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MEPS
Marine Ecology Progress Series

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MEPS 609:277-282 (2019)  -  DOI: https://doi.org/10.3354/meps12834

OPINION PIECE
We can reduce the impact of scientific trawling on marine ecosystems

V. M. Trenkel1,*, S. Vaz2, C. Albouy1, A. Brind’Amour1, E. Duhamel3, P. Laffargue1, J. B. Romagnan1, J. Simon3, P. Lorance1

1Ifremer, 44311 Nantes Cedex 3, France
2MARBEC, Univ Montpellier, CNRS, Ifremer, IRD, 34203 Sète Cedex, France
3Ifremer, 56100 Lorient, France
*Corresponding author:

ABSTRACT: The negative impacts that scientific monitoring may have on marine ecosystems has been a neglected topic, mainly on the basis that its magnitude is minor compared to commercial fisheries, even though this raises ethical and, in certain cases, conservation issues. We argue that ethical principles should lead us to reconsider marine wildlife resource monitoring such as the fish and shellfish trawl surveys providing the science-based evidence needed for fisheries management and assessment of how environmental change affects marine shelf communities worldwide. Recent scientific and technological progress has provided methods and tools which might now be harnessed to reduce the impact of marine monitoring. We review these alternative methods, consider modifications to current practices and identify areas requiring further research.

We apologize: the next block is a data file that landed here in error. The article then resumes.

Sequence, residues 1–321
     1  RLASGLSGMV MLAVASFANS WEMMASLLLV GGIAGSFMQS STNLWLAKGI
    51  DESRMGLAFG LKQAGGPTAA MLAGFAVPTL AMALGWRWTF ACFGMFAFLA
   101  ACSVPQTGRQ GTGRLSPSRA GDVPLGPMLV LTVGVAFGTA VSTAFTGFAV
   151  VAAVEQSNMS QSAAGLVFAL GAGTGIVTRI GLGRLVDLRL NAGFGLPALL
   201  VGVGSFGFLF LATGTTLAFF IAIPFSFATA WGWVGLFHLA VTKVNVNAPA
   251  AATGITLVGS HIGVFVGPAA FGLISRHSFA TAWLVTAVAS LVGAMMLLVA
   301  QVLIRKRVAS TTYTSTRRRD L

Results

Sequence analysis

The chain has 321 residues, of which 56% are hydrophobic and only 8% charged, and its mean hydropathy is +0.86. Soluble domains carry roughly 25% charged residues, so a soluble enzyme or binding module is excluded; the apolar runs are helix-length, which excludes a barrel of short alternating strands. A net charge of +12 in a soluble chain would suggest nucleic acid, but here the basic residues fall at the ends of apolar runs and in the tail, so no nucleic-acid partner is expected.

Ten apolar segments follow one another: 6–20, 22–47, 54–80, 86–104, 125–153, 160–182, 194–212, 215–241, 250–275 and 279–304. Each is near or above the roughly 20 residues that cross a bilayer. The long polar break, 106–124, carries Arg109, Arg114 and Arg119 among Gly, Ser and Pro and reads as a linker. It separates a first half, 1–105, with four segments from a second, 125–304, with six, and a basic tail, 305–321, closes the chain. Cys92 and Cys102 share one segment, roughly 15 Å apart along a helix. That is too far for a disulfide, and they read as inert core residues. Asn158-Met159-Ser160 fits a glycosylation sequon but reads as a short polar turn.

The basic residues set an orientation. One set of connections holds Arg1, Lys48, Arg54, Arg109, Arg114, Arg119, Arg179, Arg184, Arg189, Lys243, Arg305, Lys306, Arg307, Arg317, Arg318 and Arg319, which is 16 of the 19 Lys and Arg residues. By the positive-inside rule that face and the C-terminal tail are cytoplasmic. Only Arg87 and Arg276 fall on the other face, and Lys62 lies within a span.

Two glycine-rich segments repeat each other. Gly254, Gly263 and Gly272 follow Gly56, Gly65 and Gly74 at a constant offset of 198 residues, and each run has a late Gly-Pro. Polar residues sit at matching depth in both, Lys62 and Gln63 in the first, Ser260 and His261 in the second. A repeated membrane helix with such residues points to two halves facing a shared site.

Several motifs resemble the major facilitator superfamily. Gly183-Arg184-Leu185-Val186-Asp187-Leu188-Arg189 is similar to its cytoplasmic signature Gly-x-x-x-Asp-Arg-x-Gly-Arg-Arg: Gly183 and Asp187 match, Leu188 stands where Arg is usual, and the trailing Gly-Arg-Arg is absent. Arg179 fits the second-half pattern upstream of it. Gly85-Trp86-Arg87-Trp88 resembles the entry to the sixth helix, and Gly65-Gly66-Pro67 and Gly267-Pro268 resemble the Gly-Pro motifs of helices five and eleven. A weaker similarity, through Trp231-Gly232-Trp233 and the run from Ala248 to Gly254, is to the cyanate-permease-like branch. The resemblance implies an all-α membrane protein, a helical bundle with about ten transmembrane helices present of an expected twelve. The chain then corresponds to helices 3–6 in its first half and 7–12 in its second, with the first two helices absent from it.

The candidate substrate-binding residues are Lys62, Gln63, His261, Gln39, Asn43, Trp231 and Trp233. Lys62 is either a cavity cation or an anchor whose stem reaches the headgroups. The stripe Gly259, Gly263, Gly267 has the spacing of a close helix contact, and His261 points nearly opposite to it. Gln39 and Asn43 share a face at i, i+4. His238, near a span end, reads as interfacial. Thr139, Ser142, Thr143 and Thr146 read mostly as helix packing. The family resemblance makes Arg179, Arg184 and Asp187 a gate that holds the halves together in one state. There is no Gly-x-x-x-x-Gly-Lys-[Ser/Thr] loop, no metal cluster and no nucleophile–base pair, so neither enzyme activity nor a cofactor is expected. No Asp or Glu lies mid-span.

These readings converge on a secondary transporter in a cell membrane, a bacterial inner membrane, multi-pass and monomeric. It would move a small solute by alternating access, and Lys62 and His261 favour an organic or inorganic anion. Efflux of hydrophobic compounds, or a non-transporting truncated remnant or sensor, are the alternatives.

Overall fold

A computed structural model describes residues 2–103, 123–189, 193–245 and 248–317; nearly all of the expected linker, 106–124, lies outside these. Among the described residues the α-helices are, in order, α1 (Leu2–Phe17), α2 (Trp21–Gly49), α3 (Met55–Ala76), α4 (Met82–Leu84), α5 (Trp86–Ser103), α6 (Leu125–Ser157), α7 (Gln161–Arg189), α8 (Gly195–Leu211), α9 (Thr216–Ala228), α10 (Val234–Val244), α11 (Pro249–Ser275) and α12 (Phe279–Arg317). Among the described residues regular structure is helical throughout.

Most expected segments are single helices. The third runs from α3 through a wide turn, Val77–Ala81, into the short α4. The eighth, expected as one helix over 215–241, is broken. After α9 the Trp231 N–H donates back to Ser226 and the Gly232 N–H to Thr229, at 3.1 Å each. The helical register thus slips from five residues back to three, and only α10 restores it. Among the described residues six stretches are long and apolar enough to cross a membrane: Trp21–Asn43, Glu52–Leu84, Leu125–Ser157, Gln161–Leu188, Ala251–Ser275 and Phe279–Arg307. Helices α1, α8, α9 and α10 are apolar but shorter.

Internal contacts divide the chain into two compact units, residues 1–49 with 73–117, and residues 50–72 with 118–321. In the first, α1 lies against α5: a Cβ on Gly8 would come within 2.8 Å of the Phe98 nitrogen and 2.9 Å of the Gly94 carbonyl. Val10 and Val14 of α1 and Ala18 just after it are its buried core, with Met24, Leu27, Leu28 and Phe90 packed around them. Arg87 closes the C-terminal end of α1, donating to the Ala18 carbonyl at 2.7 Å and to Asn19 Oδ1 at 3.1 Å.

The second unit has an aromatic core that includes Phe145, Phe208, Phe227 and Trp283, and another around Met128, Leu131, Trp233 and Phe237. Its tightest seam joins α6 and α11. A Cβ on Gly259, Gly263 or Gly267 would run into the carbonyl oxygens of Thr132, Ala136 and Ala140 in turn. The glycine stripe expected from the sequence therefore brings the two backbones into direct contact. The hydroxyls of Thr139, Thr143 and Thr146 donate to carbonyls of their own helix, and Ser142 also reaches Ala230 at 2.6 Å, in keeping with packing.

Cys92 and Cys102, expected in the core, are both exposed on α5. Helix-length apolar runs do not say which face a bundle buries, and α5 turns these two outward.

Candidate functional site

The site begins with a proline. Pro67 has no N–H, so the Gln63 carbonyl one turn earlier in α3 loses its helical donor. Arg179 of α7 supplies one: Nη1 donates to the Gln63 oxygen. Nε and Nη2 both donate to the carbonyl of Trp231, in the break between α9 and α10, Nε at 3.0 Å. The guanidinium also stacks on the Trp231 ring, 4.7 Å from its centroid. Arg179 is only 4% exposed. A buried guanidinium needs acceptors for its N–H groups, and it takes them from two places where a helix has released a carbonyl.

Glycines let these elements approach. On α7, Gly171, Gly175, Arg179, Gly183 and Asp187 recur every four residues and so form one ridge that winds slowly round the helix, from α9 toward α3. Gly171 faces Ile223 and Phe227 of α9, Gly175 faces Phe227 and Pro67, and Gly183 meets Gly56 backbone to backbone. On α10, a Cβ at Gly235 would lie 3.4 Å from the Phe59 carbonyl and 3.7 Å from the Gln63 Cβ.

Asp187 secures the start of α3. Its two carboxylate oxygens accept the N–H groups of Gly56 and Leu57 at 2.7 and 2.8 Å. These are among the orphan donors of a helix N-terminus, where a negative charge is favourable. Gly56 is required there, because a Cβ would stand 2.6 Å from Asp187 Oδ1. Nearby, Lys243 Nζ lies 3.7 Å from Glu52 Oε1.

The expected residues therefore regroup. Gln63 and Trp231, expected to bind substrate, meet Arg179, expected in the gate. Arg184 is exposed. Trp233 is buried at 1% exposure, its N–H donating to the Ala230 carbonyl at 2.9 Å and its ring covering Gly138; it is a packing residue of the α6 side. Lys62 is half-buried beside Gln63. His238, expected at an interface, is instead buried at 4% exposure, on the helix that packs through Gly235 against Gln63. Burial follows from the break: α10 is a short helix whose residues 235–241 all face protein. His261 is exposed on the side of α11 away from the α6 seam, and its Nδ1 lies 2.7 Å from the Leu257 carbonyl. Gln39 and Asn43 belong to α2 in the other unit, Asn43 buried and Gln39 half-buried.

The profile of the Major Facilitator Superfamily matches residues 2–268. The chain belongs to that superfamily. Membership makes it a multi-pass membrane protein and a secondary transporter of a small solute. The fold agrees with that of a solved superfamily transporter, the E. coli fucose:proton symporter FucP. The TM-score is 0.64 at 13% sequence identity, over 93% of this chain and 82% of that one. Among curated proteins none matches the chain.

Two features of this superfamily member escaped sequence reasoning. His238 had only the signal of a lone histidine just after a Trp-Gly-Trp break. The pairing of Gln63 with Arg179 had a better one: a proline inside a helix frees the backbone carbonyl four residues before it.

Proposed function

KEY WORDS: Monitoring ethics · Marine surveying · Impacts of bottom trawling · Genetic methods · Ecosystem-based management


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Cite this article as: Trenkel VM, Vaz S, Albouy C, Brind’Amour A and others (2019) We can reduce the impact of scientific trawling on marine ecosystems. Mar Ecol Prog Ser 609:277-282. https://doi.org/10.3354/meps12834

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